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Foreign Direct Investment – Political Ideologies sample essay

As we have seen from the case study, Starbucks prefers not to just franchise and license its format when it tries to expand overseas, but as in the case of Japan and China, the firm prefers utilising joint-venture arrangements, mergers and acquisitions and horizontal FDI to exercise control and ensure standards are at a certain level for all foreign stores (they trained the local workers to emulate the original standards set in the US).

Only after Starbucks are convinced the country can properly deliver the “Starbucks experience” will they think about giving the host country stores more autonomy and license the brand over there. However, in terms of pinpointing countries in which to invest in, political ideologies of the host countries needed to be considered. Different countries may have different stances towards FDI, and it depends on the country’s political ideology. There are 3 main types of ideologies: Radical view, pragmatic nationalism and free market.

This view, traditionally backed by highly nationalistic, socialist or communist countries, was inspired by Marxist political and economic theory, and claims that FDI is a means to “imperialist domination”, whereby the capitalist “home” countries are able to exploit the “host” country (usually a developing, or less developed country) by utilising the resources but taking all the profits back to the home country, and not leaving anything extra for the host country.

They also argue that the MNC’s allocate the top level jobs to their own home-nationals as well as monopolise control of major technology, and not to the locals, thus in effect going round in a circle and keeping the status quo of developing countries needing developed countries to support them with investment, jobs and technology.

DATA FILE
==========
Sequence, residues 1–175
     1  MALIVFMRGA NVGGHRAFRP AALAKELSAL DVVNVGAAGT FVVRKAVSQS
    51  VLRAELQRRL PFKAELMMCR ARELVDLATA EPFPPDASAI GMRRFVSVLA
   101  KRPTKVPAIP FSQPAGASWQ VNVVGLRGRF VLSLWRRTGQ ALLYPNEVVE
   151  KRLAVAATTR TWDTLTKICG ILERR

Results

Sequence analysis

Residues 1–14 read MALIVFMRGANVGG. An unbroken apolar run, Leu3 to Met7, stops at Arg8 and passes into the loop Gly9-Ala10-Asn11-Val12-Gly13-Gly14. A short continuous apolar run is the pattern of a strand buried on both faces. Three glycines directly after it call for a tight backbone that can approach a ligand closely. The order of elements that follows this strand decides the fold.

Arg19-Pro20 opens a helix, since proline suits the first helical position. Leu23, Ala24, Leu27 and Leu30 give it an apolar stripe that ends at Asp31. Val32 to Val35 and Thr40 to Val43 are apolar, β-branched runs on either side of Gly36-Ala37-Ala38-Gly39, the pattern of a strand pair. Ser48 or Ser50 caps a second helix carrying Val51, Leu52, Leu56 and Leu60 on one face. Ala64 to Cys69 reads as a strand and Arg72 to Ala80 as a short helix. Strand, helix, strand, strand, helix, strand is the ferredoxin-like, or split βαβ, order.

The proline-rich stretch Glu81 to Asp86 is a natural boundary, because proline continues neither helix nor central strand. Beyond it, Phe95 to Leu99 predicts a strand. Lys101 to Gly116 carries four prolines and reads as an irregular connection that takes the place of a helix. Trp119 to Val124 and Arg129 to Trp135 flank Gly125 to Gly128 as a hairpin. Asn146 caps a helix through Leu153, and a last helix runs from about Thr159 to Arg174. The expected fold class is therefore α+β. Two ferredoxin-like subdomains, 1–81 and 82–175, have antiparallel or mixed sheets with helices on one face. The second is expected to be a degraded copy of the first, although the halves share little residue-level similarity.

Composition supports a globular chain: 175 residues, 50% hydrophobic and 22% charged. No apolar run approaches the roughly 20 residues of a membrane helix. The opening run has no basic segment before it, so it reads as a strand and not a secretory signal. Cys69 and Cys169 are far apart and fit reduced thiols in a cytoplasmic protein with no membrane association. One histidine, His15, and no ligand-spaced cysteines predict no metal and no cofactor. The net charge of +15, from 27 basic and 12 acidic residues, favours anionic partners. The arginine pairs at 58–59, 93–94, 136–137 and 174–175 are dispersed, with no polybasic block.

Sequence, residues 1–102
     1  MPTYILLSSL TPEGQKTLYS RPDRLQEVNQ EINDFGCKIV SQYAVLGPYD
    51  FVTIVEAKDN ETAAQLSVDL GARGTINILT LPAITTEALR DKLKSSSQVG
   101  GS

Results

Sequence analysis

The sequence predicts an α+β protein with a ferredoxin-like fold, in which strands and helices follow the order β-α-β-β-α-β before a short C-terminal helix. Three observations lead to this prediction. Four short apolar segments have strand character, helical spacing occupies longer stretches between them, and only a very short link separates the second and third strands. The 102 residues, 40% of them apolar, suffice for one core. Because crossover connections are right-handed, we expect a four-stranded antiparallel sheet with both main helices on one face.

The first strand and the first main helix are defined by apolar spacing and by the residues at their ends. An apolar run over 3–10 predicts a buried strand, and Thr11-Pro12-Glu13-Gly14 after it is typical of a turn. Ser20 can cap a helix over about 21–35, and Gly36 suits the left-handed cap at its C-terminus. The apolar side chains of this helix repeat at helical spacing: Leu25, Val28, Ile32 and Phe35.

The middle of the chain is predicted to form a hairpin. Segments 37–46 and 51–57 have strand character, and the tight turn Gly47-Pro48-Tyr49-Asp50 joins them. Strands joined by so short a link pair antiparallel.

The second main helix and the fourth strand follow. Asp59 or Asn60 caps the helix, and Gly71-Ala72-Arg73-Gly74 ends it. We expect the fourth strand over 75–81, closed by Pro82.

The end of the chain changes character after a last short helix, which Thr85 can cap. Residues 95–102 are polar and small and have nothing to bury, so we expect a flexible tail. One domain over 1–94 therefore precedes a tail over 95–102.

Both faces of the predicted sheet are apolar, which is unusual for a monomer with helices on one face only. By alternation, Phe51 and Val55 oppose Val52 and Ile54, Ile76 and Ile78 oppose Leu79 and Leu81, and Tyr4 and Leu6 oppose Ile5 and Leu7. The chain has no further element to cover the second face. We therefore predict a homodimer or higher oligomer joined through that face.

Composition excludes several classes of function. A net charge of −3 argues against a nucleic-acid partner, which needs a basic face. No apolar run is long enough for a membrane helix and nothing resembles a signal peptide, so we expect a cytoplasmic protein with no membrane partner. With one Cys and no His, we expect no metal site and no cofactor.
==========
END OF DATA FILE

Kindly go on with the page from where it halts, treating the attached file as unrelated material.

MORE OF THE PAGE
This view is on the other end of the scale compared to the radical view; originating from Adam Smith and David Ricardo’s work on international trade theory, it advocates the belief that international production should be distributed based on comparative advantage, where countries produce the goods/services that they can produce most efficiently. Through FDI, Multinationals decide to produce in the most efficient locations from around the world, and therefore increases the overall efficiency of the world economy.

Many countries do not adopt either of the 2 extremes of the political spectrum, but rather fall somewhere in between and so would fall under this category. What a country would do is weigh up the pros and cons of accepting FDI, and if the pros are more prevalent, then FDI would be allowed or vice versa. Potential negatives to FDI for host countries include circular flow of income withdrawals (i. e. profit going back to the home country), potential downsides to the balance of payment account (i. . if the firm decides to import components rather than utilise domestic ones), exploitation of the workforce etc. Conversely, countries can take into account positive aspects such as transfer of resources which the host country may otherwise have found difficult to obtain, employment of local workforce, and a positive effect on the balance of payments if the production is used as a substitute for imports, or even if the firm exports from the host country.

These are just some examples of potential costs and benefits that may arise from FDI (especially for the host country) that may be taken into account. Some countries, if they see that FDI is required, may aggressively try promoting their country and make it more appealing to MNC’s by offering tax breaks and other incentives. Starbucks would only target countries that are free market, or at least use pragmatic nationalism.

Obviously radical view following countries would not entertain the thought of allowing Starbucks to invest in the country in the first place and therefore automatically rules out these countries. However, some countries have changed their ideologies, such as China which was a follower of the radical view until sometime in the 1980s, and are now more inclined to free market and is now a massive potential market for Starbucks and is potentially the largest single market opportunity outside of the US.

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